Auditory processing is a term used to describe what happens when your brain recognizes and interprets the sounds around you. For example, we know we are hearing birds chirping because the brain processes and interprets the sounds of the chirping birds. A child with auditory processing difficulty does not recognize subtle differences between sounds although the sounds may be loud and clear. This problem becomes worse if the child is placed in a noisy environment of if he/she is listening to complex information.
Children with auditory processing difficulty typically have normal hearing and intelligence. However, they have also been observed to
Dyslexia is a learning difficulty that manifests itself primarily in written form of language. Children with dyslexia typically experience difficulty in reading, spelling and writing. It is a result of some neurological difference but not due to intellectual disability or lack of desire to learn.
Children with dyslexia may have difficulty with spelling, reading single words, letter and word reversals (e.g., ‘b’ and ‘d’, ‘tip’ and ‘pit’), and learning the words of nursery rhymes. They may also have problem with directions, remembering sequences and timetables, difficulty understanding details of a story, as well as problem with expressing ideas clearly.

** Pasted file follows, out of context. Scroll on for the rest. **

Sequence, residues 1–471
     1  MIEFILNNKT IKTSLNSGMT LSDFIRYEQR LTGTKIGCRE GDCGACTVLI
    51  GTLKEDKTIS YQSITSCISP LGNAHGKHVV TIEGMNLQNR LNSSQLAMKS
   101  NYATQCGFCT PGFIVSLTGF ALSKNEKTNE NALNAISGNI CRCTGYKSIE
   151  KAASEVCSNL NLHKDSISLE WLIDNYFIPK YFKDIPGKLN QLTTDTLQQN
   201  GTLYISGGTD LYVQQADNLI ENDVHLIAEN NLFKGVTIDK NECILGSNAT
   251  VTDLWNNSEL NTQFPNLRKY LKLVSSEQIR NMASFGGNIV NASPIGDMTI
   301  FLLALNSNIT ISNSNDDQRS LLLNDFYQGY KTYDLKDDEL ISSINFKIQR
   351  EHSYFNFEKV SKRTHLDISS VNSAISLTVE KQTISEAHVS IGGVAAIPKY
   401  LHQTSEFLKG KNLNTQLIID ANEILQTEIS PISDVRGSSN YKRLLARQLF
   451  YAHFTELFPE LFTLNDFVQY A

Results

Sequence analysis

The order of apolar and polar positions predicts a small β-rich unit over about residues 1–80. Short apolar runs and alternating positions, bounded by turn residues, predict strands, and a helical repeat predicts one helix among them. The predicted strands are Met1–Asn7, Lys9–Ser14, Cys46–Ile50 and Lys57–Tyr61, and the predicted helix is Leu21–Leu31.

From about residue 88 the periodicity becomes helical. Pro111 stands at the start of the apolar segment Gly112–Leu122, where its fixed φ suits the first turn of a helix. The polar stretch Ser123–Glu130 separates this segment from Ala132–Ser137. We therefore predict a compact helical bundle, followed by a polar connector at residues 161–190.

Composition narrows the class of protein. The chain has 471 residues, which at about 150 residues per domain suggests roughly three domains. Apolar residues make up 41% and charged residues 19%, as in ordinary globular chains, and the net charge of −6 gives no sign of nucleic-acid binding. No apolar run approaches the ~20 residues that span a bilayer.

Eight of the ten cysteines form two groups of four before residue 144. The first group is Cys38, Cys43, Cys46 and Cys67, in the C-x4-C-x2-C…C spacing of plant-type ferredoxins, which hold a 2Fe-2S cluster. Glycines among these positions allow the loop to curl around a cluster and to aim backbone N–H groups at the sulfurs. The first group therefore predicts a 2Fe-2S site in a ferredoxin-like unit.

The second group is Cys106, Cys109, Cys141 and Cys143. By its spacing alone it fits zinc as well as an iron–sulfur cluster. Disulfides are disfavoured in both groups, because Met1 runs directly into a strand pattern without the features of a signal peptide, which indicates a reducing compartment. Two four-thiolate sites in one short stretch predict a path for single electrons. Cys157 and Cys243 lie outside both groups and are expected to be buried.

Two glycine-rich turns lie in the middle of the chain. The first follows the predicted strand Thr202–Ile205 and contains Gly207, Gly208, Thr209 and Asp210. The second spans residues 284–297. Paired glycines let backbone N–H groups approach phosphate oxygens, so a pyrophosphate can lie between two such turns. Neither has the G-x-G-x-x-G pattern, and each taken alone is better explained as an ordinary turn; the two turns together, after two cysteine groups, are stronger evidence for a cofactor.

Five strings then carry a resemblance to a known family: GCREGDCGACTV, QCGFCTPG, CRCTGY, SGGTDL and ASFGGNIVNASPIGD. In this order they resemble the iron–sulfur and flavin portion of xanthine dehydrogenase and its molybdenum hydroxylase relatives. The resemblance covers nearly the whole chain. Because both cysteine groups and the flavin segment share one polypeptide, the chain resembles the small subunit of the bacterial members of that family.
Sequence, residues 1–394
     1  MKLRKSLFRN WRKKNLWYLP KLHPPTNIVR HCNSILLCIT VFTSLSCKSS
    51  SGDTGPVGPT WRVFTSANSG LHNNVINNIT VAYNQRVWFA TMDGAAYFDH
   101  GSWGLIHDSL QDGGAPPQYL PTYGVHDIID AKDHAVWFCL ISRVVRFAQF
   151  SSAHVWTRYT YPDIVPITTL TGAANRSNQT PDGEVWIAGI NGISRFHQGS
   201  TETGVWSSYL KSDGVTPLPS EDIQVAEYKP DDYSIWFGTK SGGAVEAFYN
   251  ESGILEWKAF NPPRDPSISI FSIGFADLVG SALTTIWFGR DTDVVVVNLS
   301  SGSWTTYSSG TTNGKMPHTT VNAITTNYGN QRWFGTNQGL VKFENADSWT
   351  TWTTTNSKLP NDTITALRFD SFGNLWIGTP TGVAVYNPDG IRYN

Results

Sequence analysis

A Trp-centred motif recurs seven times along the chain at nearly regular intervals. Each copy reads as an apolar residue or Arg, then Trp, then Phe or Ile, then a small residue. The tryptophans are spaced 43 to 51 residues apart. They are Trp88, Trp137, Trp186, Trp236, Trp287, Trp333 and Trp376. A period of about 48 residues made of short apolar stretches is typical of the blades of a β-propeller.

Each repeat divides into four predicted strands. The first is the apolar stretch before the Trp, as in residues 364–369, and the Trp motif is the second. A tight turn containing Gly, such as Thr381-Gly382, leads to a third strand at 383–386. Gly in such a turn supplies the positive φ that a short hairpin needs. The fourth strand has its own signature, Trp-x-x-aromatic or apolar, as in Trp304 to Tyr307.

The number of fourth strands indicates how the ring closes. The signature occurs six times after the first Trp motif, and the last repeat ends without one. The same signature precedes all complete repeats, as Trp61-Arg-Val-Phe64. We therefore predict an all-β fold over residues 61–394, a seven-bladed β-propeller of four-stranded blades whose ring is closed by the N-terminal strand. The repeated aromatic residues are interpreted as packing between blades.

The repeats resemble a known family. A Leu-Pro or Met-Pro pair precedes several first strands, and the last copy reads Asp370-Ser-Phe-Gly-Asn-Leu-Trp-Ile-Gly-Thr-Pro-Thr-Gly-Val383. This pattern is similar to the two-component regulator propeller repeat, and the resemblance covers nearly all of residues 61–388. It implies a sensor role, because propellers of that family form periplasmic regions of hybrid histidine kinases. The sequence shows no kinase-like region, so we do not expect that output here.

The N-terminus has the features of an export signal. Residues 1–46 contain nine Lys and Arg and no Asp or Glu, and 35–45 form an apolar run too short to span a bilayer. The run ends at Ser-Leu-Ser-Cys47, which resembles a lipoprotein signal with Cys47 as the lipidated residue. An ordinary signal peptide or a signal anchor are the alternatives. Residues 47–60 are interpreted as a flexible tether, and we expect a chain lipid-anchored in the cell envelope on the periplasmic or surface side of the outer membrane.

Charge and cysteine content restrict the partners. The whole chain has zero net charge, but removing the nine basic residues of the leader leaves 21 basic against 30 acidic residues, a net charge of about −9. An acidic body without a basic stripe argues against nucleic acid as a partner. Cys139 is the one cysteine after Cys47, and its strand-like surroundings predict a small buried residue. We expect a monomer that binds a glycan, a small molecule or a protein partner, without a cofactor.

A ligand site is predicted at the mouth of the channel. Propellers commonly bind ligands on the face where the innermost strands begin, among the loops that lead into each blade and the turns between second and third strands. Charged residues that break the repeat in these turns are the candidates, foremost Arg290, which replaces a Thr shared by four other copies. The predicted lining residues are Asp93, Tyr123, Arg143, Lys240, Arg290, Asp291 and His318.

Children with Developmental Verbal Dyspraxia (DVD) or Developmental Apraxia of Speech (DAS) have intact and functioning muscles. They have the ability to produce the correct speech sounds.
However, the muscles cannot produce these sounds at will. They may struggle to produce certain sounds and their speech become unintelligible as the result.
Children with this problem may or may not have difficulties performing oral-motor tasks that are not related to speech since the manifestation of symptoms vary from child to child. For example, they may or may not have problem with sucking, blowing bubble, or moving their tongue tips.